Apple's 15-inch 2010 MacBook Pro: More Battery Life Tests, High Res Display Evaluatedby Anand Lal Shimpi on April 24, 2010 1:57 AM EST
Snow Leopard Battery Life Issues with Flash: Fixed
Snow Leopard brought forth 64-bit versions of many Apple applications. Finder, TextEdit and Safari (among others) could now run in x86-64 mode. However, last year I found that browsing websites that used Flash with 64-bit Safari dropped battery life by over 40% in Snow Leopard compared to 32-bit Safari in Leopard. To fix the problem you had to force Safari to launch in 32-bit mode.
While Apple never recognized the problem nor discussed why it happened to begin with, it appears that it’s since been addressed in OS X 10.6.3. The results below tell all:
|Snow Leopard Battery Life Improvement|
|Flash Web Browsing Battery Life||OS X 10.6.1||OS X 10.6.3|
|15-inch MacBook Pro (Mid 2009) - Core 2 Duo 2.53GHz||277 minutes||344 minutes|
Flash web browsing battery life improved tremendously from the original release of Snow Leopard. While it's still not as high as in Leopard, it's a definite improvement.
Windows 7 Battery Life
A handful of users asked that I look at battery life under Windows 7. Being your humble servant, I of course obliged. I attempted to recreate my OS X benchmarks under Windows 7 as best as possible, using Chrome and Windows Media Player in place of Safari and iTunes of course. You can’t draw any conclusions about OS X vs. Windows 7 battery life from these numbers however. As I mentioned in the original review, under Windows 7 the MacBook Pro keeps the discrete GPU enabled 100% of the time. There’s no way to shut it off. Battery life will inevitably be lower than OS X.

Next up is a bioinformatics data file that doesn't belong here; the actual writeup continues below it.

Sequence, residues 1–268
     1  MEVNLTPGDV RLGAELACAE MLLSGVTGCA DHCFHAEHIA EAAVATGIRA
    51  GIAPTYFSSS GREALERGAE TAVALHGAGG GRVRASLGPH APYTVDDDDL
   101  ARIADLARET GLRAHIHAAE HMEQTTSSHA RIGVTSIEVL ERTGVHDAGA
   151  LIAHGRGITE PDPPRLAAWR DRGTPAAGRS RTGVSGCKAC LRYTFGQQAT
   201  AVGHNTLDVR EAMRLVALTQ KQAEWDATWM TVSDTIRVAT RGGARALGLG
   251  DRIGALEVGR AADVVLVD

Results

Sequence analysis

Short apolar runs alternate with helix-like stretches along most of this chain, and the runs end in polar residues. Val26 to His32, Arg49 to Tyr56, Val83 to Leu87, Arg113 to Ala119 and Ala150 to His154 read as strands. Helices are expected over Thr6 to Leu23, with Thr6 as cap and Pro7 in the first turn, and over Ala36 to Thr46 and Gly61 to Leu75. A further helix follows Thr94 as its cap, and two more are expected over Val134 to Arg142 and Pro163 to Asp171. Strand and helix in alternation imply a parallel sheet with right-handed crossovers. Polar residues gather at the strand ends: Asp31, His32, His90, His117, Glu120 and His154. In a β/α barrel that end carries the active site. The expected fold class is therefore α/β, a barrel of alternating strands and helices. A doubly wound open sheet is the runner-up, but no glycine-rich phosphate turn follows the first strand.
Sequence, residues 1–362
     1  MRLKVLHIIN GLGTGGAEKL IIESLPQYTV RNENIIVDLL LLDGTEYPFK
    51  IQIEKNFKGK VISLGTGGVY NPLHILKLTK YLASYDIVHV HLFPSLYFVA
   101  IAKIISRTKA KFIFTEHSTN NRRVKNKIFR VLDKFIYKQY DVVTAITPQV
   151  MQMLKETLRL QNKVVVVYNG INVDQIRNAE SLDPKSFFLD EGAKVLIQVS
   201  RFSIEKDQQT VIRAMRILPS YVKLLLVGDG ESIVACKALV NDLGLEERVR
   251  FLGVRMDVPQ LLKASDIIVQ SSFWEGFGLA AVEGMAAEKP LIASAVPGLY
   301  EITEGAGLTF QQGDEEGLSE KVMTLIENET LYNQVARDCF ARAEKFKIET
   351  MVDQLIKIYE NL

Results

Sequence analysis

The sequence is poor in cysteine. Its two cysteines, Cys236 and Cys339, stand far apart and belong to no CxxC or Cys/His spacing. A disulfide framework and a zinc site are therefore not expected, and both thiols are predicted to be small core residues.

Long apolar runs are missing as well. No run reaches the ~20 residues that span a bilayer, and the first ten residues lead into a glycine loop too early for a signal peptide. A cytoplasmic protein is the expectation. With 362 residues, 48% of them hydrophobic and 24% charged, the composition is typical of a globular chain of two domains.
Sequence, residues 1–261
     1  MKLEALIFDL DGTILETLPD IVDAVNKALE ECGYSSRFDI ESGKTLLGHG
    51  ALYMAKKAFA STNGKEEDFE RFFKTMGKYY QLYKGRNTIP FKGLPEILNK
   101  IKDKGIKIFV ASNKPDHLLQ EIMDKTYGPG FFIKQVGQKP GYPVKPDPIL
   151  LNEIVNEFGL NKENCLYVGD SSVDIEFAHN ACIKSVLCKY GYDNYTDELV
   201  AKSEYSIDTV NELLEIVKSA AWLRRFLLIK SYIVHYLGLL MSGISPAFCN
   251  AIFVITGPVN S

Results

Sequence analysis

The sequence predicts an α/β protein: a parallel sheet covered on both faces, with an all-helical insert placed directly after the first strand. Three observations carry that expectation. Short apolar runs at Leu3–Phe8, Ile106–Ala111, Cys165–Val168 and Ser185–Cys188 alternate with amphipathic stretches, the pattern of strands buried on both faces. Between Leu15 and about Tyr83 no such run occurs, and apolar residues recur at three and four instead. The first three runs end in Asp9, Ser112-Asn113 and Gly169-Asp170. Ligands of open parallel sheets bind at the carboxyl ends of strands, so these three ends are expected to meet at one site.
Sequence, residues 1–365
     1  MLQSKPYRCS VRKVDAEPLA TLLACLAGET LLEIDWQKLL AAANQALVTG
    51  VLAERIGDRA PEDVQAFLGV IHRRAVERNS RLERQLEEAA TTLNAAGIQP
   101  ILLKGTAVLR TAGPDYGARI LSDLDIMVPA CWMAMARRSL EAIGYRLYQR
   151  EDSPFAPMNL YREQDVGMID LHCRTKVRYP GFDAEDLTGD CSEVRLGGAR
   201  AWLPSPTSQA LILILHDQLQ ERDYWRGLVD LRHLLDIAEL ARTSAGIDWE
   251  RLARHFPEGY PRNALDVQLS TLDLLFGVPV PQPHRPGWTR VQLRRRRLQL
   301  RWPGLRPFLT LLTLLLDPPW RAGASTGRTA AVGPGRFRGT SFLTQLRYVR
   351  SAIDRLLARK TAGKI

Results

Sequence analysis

|Windows 7 Battery Life|
|Light Web Browsing||Flash Web Browsing||XviD Playback|
|15-inch MacBook Pro (Mid 2010) - Core i7 2.66GHz||255 minutes||255 minutes||153 minutes|
It appears that the dGPU being on all the time is the reason we can't get better browser battery life regardless of workload. The XviD playback test also takes a hit compared to OS X thanks to the discrete GPU. In our previous articles we found OS X to be roughly equal to Windows 7 in XviD battery life.